SAN JOSE, Calif. Attempting to reach out to smaller chip companies, ARM Holdings on Thursday (Oct. 9) said it would offer discounts to customers that purchase its Java processor core and related intellectual property as part of the same package.
The starter kit includes the Java-ready ARM926EJ “Jazelle” core, a set of common peripherals and a real-time trace macrocell. The peripherals, which ARM calls its PrimeXsys platform, include memory controllers, UARTS, timers and other general-purpose devices.
ARM said the kit will benefit small, fabless companies by reducing the time it takes them to negotiate licenses. It should also speed the integration of intellectual property cores on one chip. “If you look at the core and real-time trace, that could be 10 to 20 percent of the chip,” said Jerry Ardizzone, ARM's vice president of sales.
The package offering is an extension of ARM's foundry partner program, which lets small and medium-size chip companies that can't afford a general processor license pay a lower one-time fee for a single use. Typically chip companies that opt for this program pay a higher royalty fees later if the device reaches production. ARM says 62 companies have joined the foundry program.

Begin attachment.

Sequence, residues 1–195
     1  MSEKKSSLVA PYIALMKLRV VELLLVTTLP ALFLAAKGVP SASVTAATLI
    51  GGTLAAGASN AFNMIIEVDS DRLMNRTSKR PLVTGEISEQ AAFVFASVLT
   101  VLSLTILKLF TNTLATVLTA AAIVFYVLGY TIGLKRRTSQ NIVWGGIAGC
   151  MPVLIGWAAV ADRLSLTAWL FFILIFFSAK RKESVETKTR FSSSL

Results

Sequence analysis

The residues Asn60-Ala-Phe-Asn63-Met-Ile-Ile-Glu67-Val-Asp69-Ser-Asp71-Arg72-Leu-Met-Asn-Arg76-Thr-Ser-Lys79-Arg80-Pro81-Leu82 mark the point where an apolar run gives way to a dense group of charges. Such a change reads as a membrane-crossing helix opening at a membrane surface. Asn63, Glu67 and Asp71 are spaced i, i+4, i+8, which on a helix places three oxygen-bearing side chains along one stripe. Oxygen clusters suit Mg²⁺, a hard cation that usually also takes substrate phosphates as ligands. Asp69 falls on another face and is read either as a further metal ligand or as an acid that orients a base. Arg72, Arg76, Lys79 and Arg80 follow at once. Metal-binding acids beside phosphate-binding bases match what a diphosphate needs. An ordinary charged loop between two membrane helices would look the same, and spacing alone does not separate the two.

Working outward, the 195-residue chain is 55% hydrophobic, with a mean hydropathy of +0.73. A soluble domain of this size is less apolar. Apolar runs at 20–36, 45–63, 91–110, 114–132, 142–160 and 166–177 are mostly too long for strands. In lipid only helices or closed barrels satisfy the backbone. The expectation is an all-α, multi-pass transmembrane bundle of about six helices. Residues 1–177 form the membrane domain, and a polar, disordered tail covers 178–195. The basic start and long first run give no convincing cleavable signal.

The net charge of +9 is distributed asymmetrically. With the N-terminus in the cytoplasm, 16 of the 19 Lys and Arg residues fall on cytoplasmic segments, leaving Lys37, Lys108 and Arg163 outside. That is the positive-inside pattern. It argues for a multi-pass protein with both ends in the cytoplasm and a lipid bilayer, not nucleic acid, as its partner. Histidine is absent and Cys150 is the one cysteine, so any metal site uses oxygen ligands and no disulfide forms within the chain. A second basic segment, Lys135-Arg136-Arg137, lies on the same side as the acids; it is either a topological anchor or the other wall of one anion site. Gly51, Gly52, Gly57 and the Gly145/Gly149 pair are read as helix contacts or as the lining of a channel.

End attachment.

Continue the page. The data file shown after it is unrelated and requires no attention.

A general license could cost several million dollars, but the starter kit will be less than $1 million, Ardizzone said. ARM has started negotiating with several companies interested in taking a starter kit license, he added.
Customers that license the kit can have their chips manufactured either at Taiwan Semiconductor Manufacturing Co. Ltd. or United Microelectronics Corp., both of which have been given permission to hold the GDSII files for ARM's processors. ARM will deliver the PrimeXsys RTL directly to customers, Ardizzone said.
ARM's announcement comes a week after a U.S. District Court for the Northern District of California issued a summary judgment declaring that ARM's Jazelle technology does not infringe on a paten t owned by Nazomi Communicaitons. The ruling gives ARM the green light to continue selling microprocessors incorporating its Jazelle Java accelerators. Nazomi said it will appeal the ruling.
Ardizzone said the court's decision was unrelated to the timing of the starter kit announcement. “It's coincidental. We've been gearing up for this for a long time,” he said.